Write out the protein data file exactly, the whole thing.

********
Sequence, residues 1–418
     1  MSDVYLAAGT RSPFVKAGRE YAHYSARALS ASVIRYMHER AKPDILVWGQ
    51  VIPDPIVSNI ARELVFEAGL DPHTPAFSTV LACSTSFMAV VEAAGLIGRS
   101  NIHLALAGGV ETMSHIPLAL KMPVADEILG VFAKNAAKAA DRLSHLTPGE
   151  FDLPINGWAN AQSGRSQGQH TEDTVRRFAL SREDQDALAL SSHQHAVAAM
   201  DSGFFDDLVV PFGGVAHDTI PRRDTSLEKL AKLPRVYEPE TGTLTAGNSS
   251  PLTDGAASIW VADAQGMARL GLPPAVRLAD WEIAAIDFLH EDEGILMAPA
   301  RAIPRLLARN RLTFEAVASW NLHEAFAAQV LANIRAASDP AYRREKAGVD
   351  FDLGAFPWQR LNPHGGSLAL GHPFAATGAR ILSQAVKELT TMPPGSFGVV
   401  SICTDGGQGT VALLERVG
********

Sequence, residues 1–418
     1  MSDVYLAAGT RSPFVKAGRE YAHYSARALS ASVIRYMHER AKPDILVWGQ
    51  VIPDPIVSNI ARELVFEAGL DPHTPAFSTV LACSTSFMAV VEAAGLIGRS
   101  NIHLALAGGV ETMSHIPLAL KMPVADEILG VFAKNAAKAA DRLSHLTPGE
   151  FDLPINGWAN AQSGRSQGQH TEDTVRRFAL SREDQDALAL SSHQHAVAAM
   201  DSGFFDDLVV PFGGVAHDTI PRRDTSLEKL AKLPRVYEPE TGTLTAGNSS
   251  PLTDGAASIW VADAQGMARL GLPPAVRLAD WEIAAIDFLH EDEGILMAPA
   301  RAIPRLLARN RLTFEAVASW NLHEAFAAQV LANIRAASDP AYRREKAGVD
   351  FDLGAFPWQR LNPHGGSLAL GHPFAATGAR ILSQAVKELT TMPPGSFGVV
   401  SICTDGGQGT VALLERVG